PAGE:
Copyright to Constantine Kortesis © 2013
Published here April 2014.

Editor's Note | Introduction | Turnaround Management Constraints 
Incorporating Team Building | Case in Point

Incorporating Team Building

To Mario's remarks, we added:

"You mention that 'all too often, the businesses and projects do not set aside enough time for team members and project leaders to get to know each other' probably because the 'time' is not available or the exercise is not considered of sufficient value. However, I am not clear on what you consider is the best solution in the circumstances. Could you expand a little?"

Thanks for asking. Teaching a civilian to jump out of an airplane with a parachute takes a few hours of training. In military jump school, the training lasts for several weeks. Part of the reason that the military training takes much longer is that military trainees are not just learning how to jump with a 'chute. They spend time with each other, learning how to perform as a team and how to help each other when complications or accidents occur. Military leaders have known this for generations and have scheduled the time necessary for the "group interaction" especially under adverse conditions.

When Project Managers are in a position to assemble their project teams and to establish the work breakdown structures (WBS) and schedules, they can also establish team-building meetings, events and exercises, along with getting the financial budgets to pay for them. On many projects, the project sponsors (or project clients) do not consider such activities as being pertinent. Many project sponsors try to squeeze costs and schedules. This is especially true when the sponsors are "financial types" who don't understand the nature of the work that the project must do to accomplish the "tangible" elements of the WBS.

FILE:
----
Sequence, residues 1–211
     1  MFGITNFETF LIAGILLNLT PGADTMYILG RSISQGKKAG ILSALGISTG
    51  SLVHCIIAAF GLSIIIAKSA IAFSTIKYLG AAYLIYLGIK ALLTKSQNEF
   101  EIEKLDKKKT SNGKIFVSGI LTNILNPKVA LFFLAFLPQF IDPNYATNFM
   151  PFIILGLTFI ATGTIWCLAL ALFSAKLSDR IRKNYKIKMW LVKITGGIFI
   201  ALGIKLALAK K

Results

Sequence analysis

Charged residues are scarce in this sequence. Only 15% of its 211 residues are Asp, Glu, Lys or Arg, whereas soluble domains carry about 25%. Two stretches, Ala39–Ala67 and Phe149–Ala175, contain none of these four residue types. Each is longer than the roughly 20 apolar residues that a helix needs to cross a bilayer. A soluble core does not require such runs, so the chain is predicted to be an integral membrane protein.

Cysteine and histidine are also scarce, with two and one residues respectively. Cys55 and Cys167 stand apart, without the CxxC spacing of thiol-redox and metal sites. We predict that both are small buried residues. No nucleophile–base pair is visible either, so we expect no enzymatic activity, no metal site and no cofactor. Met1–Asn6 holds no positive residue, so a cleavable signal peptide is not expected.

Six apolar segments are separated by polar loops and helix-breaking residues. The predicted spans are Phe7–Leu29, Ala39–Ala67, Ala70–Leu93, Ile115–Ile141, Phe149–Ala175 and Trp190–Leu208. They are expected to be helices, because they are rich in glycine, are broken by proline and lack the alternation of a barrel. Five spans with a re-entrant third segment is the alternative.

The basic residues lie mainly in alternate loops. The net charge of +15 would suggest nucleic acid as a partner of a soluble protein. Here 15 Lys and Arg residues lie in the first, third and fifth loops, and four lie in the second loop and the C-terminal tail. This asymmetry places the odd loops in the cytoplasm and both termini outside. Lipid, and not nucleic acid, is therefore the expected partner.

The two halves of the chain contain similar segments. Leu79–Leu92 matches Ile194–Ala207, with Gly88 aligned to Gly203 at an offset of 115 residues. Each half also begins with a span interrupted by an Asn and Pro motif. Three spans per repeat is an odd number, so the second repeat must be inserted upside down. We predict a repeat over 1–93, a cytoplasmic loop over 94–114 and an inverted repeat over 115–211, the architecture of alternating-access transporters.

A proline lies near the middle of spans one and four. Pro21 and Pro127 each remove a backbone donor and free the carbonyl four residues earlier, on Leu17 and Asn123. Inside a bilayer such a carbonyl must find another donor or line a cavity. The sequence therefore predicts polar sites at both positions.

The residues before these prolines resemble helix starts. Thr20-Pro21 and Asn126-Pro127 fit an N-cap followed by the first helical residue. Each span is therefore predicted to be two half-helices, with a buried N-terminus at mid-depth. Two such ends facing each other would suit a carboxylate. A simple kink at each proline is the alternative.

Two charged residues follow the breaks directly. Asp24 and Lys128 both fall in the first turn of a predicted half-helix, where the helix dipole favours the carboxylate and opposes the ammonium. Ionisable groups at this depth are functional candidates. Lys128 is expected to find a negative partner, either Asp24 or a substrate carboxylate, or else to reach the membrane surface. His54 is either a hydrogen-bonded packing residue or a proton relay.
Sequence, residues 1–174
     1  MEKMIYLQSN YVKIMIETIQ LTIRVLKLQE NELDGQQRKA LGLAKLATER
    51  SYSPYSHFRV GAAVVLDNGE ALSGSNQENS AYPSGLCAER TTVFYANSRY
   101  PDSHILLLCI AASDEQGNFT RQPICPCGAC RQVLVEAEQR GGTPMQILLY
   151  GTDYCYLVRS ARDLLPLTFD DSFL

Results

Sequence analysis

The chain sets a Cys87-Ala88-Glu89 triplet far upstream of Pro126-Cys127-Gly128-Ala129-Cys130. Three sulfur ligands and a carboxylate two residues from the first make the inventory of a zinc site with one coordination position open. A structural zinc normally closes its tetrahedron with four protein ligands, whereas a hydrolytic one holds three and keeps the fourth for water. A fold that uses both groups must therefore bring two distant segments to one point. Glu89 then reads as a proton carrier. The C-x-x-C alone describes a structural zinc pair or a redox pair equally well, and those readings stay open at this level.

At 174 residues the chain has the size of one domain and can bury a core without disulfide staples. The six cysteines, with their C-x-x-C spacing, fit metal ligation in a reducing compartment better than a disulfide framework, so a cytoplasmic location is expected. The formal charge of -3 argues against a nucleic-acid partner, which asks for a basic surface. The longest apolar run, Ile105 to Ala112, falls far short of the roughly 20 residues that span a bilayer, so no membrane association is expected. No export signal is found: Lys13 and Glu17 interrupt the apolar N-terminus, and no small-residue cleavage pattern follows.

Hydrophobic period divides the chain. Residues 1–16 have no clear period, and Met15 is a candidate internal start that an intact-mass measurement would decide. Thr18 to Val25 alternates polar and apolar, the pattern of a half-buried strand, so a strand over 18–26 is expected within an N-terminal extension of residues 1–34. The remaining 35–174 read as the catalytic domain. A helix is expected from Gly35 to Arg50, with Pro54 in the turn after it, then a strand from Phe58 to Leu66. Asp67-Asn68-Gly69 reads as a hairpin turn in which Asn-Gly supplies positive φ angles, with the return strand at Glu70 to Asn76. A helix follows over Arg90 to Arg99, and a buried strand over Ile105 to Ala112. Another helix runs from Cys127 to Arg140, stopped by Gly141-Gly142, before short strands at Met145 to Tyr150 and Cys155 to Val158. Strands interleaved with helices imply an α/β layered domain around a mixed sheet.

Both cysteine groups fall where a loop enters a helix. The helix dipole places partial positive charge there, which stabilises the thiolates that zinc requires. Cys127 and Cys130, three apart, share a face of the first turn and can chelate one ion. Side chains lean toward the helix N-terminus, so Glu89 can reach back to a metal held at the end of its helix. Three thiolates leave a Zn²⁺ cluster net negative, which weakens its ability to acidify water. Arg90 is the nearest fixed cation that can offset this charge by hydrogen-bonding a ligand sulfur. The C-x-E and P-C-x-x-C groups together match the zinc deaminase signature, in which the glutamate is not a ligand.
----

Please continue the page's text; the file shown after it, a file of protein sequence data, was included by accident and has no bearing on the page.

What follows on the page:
In my personal experience, the problems of "penny pinching" typically come from some middle managers that are unwilling to confront their executives regarding cost and timing. It's easier to attempt to intimidate the PMs. PMs must not cave in to such tactics. The PMBOK tells us how to succeed. Identify the stakeholders, identify the requirements and objectives, identify the elements of the WBS to address the requirements/objectives, and then establish cost/timing estimates.

The Project Manager may include the "team development" elements into the WBS, or the PM may include additional time and money for each and every element of the WBS that may require teamwork. Either way, the PM can actively encourage team building and team communications and social interaction between the team members. Unfortunately, when sponsors are squeezing, it is all too easy for some PMs to be intimidated into compressing schedules, reducing budget and skipping "non-critical" tasks such as team building. This is a huge mistake that military leaders understand and will fight to prevent.

PM's should think of themselves as military leaders responsible not only for accomplishing their formal objectives but also as being responsible for the health, welfare and individual success of their team members. The personal needs and personalities of the individual team members have direct impacts upon the team and the project. That impact may be subtle, or significant. It may be positive or catastrophic.

Wealthy corporate executives know all of this. They spend time on golf courses, exclusive country clubs, "business" resorts, yachts, private aircraft, mountain lodges, fishing & hunting lodges, usually at company expense. They call it "networking" and sometime "complain" about how much time it takes, even when they bring their spouses in tow. Members of Congress do this at taxpayers' expense, or from "campaign funds" boosted by "lobbyists".

Turnaround Management Constraints  Turnaround Management Constraints

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